St Helena: Notes from a tiny island
This week marks the anniversary of the death of Napoleon Bonaparte on St Helena. Richard Holmes visited the remote Atlantic outcrop and penned these thoughts
Though Portuguese navigators first recorded the island in 1502, naming it for the mother of Roman Emperor Constantine the Great, it is the British East India Company that has dominated the island’s history. In the heyday of the company the island was an important replenishment stop on trade routes to the East. Everyone from James Cook to William Bligh has set anchor offshore over the centuries. And Napoleon aside, it has long been a useful prison for the British crown, the Alcatraz of the Atlantic.
The Zulu king Dinuzulu kaCetshwayo was banished here in 1889, and spent nearly a decade on the island. St Helena also played host to thousands of prisoners from the SA War of 1899-1902. Today the sombre Boer graveyard near the settlement of St Paul’s marks the final resting place of many who never made it home.
Walk it off
With those stories ringing in your ears, you’ll step outside the museum to wonder at the curious stairway reaching up and out of the steep Jamestown valley.
The 699 steps running vertiginously up the slope are known as Jacob’s Ladder, and it’s one of the quirkier attractions of the island.
The steps date back to 1829, when they linked Jamestown to the hilltop village of Half Tree Hollow above. A railway track once ferried goods up and down, but today the steps and handrails are more of a challenge for visitors and locals racing to the top. Built at an incline of up to 45°, with each of the 699 steps at least 30cm high, it’s no mean feat. My fastest time, after two attempts, was 10.03, just about double the current record.
If you’re looking for less strenuous ways to stretch your legs, St Helena doesn’t disappoint.
"Worse, almost continuous hiccupping, restless, pulse 102 and weak, intermittently delirious, tried to walk and collapsed."
It was the morning of May 2 1821 and in the damp confines of Longwood House, up in the misty central highlands of the island of St Helena, Napoleon Bonaparte lay dying. Refusing medication and slipping in and out of consciousness, according to the records of his physician, Dr Francesco Antommarchi, Napoleon’s duel with stomach cancer was in its final throes. Three days later, at 5.49pm on May 5, Napoleon died.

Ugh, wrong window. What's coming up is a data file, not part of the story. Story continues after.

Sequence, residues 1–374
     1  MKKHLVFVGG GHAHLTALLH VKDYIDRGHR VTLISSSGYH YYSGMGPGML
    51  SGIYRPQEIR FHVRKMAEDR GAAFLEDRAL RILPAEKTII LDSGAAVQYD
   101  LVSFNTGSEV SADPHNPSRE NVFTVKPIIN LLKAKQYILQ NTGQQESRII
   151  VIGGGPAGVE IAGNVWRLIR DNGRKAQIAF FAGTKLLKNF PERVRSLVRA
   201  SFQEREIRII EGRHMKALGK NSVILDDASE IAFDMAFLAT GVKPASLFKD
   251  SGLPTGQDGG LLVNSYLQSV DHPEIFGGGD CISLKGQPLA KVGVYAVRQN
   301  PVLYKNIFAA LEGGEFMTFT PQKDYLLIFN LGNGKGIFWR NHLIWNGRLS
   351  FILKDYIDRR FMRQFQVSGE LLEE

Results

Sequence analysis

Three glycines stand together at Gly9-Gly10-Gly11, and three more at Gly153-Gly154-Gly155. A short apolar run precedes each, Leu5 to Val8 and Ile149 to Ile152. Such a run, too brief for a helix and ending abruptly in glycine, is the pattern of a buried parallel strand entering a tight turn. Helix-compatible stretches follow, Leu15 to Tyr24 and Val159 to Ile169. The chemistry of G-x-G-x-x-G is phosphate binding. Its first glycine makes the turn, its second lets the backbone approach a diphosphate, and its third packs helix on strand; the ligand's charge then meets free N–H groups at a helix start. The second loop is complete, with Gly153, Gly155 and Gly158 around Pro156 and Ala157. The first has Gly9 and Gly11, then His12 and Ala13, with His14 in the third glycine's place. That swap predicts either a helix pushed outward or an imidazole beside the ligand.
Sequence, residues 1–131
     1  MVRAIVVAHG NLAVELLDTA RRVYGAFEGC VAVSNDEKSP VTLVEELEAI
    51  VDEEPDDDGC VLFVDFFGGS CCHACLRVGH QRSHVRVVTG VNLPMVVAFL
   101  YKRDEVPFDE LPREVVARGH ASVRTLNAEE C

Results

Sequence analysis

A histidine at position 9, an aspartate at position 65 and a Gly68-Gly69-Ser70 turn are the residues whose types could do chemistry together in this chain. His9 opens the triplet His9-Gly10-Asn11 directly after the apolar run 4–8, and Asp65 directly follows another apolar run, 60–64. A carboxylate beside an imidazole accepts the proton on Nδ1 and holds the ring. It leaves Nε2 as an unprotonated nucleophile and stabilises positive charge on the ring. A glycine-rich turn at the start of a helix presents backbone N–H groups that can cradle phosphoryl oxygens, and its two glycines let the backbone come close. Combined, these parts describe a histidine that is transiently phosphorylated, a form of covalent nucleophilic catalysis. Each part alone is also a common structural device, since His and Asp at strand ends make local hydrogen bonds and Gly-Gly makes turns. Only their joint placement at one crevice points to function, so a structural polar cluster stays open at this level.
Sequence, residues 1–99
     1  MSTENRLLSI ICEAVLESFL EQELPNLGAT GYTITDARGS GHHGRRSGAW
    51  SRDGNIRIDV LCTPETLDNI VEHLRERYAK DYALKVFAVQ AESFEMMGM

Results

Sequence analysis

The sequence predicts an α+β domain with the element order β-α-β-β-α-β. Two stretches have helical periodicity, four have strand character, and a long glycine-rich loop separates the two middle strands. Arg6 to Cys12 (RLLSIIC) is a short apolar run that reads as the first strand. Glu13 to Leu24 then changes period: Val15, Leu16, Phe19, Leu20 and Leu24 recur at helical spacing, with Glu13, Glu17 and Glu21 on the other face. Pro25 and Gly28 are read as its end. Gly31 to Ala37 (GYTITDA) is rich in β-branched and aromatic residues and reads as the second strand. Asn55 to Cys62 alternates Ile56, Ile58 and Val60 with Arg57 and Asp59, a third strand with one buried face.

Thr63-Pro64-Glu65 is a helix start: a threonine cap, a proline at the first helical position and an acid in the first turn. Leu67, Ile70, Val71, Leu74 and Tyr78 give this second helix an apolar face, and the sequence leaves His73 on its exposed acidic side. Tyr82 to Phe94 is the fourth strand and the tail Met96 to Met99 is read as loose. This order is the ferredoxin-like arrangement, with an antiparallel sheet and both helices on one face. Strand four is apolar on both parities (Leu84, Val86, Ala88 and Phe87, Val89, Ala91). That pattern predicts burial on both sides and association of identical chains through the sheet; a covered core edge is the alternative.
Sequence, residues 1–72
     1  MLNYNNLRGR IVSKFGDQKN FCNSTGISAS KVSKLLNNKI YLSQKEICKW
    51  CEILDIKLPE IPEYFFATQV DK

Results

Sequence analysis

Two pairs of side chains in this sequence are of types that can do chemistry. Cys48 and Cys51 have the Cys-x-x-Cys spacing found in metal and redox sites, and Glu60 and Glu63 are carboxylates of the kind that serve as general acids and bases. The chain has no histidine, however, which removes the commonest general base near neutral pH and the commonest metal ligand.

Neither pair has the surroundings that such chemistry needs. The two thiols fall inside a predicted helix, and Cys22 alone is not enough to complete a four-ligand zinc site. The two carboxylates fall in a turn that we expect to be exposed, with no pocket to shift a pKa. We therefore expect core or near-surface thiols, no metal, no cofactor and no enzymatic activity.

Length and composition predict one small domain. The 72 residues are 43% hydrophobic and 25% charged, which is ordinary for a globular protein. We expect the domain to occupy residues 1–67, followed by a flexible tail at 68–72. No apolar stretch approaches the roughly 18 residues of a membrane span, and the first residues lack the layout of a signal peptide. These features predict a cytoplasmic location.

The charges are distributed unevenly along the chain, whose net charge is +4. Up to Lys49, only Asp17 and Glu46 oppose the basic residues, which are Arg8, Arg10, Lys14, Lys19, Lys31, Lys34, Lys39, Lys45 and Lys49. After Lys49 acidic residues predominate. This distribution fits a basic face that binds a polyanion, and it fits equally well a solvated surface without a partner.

Since his arrival on St Helena in October 1815 Napoleon had been an unhappy guest of the British East India Company and its garrison of government soldiers. The island, 1,800km off the coast of southern Angola, made a fine jail for Napoleon, who had lost the Battle of Waterloo and found himself a prisoner of the irascible governor Hudson Lowe.
It’s been two centuries since his death, but the French leader is still indelibly linked with this beguiling island in the mid-Atlantic. Officially a British Overseas Territory, its colourful history runs from trading companies to freed slaves, and long years as one of the most isolated communities on earth.
The arrival of direct flights in October 2017 changed that, swapping a five-day sea voyage on the RMS St Helena for an easy flight from Joburg. With the prospect of tourists jetting in there’s a new energy in the island’s tourism industry: local guides lead an array of island tours, and guesthouses have spruced up their rooms to offer a wider range of accommodation. I loved the homely feel of my family-run B&B as much as my chic rooms at the luxury Mantis St Helena.
All of which has made it easier for travellers to soak up the Napoleonic history of the sites where he spent his final days.
That pilgrimage typically begins with a visit to Longwood House, one of three Napoleonic properties owned and managed by the French government.
After a few months at a local home, The Briars, Napoleon spent most of his years on the island at Longwood House, even as he groused that it was unfit for a man of his station. "Like a dank cellar," he grumbled on arrival. Then again, it was a converted farmhouse prone to damp, battered by wind and often shrouded in mist, so he may have had a point.